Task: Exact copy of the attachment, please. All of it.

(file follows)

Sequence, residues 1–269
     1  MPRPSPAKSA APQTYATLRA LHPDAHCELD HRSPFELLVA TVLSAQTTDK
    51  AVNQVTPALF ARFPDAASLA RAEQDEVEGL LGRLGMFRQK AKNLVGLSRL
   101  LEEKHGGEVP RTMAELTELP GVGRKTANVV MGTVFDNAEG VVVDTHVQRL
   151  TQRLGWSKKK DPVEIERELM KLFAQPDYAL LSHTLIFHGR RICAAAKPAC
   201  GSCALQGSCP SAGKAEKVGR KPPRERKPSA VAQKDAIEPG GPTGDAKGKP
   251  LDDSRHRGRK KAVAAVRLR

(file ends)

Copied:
Sequence, residues 1–269
     1  MPRPSPAKSA APQTYATLRA LHPDAHCELD HRSPFELLVA TVLSAQTTDK
    51  AVNQVTPALF ARFPDAASLA RAEQDEVEGL LGRLGMFRQK AKNLVGLSRL
   101  LEEKHGGEVP RTMAELTELP GVGRKTANVV MGTVFDNAEG VVVDTHVQRL
   151  TQRLGWSKKK DPVEIERELM KLFAQPDYAL LSHTLIFHGR RICAAAKPAC
   201  GSCALQGSCP SAGKAEKVGR KPPRERKPSA VAQKDAIEPG GPTGDAKGKP
   251  LDDSRHRGRK KAVAAVRLR